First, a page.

How clueless Irish pundits misrepresented Germany
One of Ireland’s few growth areas during the recession has been in ill-informed commentary about our largest euro-area neighbour
Voters in traditional dress arrive to cast their ballots yesterday in the Bavarian state elections in Haunshofen. Irish commentators’ reactions to the euro crisis confirm that we need to get past German stereotypes. Photograph: Reuters/Michael Dalder
The German journalist and satirist Kurt Tucholsky, who flourished between the World Wars, once remarked that you have to love the French to understand them – and you have to understand the Germans to love them.
There has not been a lot of love lately in Ireland – particularly in the Irish media – towards the Germans in Ireland and not a lot of understanding, either.
Indeed, one of Ireland’s few growth areas in the recession has been in ill-informed German experts. On the airwaves and in print they moan about Chancellor Angela Merkel and shout about her finance minister, Wolfgang Schäuble. Though the voices vary, the rhetoric never changes: the Germans dominate Europe; and the Germans demand austerity.
To lend their limp punditry an air of crisp authority, they toss about German words like croutons into a tired salad: Bild, Bundestag and even the mouthful that is the Bundesverfassungsgericht, the constitutional court.
For anyone who has any clue, it’s like watching a piano teacher who is one lesson ahead of the student. The pundits owe their success to a vicious circle of lack of interest and lack of information in Ireland about its largest European partner.
While many Irish people understand how the US president is elected by an electoral college of federal states, many are perpetually surprised to hear Germany, too, is a country of federal states.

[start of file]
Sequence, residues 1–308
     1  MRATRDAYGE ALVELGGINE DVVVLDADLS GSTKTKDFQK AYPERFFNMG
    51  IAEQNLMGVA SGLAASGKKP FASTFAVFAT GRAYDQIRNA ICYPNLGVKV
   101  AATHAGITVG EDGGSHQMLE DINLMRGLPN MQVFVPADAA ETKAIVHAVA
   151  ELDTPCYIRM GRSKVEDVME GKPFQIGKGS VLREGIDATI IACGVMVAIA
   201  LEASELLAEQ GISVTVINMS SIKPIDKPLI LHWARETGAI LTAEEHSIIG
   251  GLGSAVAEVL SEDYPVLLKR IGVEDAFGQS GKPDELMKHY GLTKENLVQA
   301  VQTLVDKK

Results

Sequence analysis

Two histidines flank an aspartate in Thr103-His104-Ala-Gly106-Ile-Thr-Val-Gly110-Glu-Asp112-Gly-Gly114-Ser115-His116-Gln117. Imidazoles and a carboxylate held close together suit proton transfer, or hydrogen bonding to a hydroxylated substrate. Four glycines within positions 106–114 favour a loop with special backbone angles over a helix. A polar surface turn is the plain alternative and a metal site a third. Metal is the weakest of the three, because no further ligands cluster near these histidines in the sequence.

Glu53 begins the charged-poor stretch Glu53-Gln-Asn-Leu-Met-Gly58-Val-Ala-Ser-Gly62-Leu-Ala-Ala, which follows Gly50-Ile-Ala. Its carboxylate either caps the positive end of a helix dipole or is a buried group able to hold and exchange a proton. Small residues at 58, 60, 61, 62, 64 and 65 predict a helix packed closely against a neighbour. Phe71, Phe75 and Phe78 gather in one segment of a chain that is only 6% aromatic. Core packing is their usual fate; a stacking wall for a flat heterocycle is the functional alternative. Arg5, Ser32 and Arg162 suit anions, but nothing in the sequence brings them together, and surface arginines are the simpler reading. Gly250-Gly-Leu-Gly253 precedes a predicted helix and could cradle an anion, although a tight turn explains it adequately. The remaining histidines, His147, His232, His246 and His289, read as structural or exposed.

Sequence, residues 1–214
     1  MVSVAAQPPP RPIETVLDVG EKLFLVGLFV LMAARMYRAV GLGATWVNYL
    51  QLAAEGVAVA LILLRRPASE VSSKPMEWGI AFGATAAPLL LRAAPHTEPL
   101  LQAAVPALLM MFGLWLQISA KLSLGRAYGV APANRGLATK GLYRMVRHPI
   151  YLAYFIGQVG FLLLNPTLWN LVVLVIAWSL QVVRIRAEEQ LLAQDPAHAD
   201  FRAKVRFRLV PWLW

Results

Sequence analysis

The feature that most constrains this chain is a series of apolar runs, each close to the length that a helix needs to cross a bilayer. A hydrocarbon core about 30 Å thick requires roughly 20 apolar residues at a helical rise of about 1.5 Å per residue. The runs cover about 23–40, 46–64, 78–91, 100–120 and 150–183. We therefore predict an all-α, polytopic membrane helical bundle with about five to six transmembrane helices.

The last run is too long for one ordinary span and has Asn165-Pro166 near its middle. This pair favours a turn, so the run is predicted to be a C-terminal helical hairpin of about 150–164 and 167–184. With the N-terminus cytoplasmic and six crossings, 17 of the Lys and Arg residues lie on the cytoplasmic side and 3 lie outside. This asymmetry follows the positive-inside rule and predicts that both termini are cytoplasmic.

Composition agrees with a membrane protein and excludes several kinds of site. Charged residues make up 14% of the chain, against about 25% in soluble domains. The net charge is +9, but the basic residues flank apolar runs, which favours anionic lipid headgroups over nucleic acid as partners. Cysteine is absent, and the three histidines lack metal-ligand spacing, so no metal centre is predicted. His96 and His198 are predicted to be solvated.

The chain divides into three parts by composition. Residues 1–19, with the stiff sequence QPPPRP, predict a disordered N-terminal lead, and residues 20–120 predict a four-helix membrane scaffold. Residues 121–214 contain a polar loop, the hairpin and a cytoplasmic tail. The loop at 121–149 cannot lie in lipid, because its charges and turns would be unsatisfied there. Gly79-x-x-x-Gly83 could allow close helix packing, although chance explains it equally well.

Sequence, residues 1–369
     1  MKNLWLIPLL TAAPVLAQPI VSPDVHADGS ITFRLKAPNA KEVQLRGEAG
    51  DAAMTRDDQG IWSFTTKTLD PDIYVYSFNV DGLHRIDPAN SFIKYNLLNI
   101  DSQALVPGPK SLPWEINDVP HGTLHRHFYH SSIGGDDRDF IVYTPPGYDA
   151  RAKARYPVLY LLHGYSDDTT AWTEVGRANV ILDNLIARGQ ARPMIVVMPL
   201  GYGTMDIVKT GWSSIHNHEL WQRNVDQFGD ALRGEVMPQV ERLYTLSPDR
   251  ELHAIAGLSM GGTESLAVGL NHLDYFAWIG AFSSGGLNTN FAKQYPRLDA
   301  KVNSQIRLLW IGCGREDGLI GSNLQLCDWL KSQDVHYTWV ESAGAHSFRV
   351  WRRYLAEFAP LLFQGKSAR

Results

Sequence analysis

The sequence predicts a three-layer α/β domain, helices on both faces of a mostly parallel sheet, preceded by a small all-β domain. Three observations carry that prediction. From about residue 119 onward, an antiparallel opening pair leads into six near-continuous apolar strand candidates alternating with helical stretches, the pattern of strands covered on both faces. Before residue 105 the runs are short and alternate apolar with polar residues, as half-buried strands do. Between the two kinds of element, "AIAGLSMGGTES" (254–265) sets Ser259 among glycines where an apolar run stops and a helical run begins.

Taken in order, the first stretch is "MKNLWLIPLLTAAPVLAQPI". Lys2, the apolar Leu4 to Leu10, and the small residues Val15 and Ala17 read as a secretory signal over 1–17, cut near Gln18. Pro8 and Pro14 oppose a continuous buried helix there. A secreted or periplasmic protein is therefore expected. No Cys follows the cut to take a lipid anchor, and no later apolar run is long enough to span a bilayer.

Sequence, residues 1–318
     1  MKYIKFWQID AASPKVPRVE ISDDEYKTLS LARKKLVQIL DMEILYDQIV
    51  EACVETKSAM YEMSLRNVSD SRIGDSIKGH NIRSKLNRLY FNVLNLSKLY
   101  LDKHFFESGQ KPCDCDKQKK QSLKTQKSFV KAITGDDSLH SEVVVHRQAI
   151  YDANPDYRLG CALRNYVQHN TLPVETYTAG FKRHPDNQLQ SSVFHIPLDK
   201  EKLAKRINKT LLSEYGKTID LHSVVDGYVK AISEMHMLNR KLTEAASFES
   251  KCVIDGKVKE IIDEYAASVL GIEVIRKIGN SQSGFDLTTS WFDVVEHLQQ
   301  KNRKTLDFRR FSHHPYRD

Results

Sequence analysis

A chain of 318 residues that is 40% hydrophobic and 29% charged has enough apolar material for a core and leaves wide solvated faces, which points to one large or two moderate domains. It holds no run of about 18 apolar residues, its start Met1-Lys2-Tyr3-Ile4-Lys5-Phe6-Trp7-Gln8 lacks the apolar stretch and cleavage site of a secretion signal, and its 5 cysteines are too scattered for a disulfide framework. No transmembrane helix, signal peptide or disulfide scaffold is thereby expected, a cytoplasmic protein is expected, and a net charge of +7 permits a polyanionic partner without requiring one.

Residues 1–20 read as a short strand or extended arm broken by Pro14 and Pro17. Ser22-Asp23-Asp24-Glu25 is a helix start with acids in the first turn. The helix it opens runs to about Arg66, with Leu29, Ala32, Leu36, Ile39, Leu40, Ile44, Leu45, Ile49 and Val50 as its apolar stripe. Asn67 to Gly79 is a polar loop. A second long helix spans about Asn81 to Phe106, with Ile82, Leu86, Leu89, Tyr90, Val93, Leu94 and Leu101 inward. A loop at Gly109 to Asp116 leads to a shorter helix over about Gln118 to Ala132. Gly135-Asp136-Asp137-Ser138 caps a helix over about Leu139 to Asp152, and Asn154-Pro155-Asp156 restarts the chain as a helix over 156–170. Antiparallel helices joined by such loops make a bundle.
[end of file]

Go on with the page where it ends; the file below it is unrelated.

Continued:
This gap has allowed three fallacies dominate mainstream Irish understanding of Germany in the euro crisis.
The first and most insidious is the notion of Germany as the crisis villain. My first experience of this came a few years ago when a researcher called to say a well-known Irish pundit was coming to Germany to film a segment for a crisis documentary.
The pundit was anxious to talk to an elderly couple about how German savers fuelled the Irish boom. The aircraft tickets had been bought, now the pundit just needed some pensioners to put a face to their precooked thesis.
Hibernocentric crisis narrative
That Germans saved and Irish spent in the past decade is one of those sweeping statements rarely challenged from which pundits have extrapolated their Hibernocentric crisis narrative. The Germans were effectively buying the drinks for the Irish, they say, and should thus share the blame, the cost and the consequences for the car now wrapped around the tree.
The trouble is that the financial data to support this argument is at best complex and patchy and at worst far less compelling than you might think.
Last March the Central Bank supplied The Irish Times with previously unpublished data showing that when the music stopped in 2008 it was Britain, not Germany, that was by far the biggest source of funding for Irish banks.
Even the infamous bondholders were, according to consolidated data sets, a quarter Irish and two-thirds non-euro area. The entire euro area, including Germany, held just 13 per cent of total Irish bank bonds. While the data available is far from complete or perfect, it presents a different reality from that peddled by the pundits.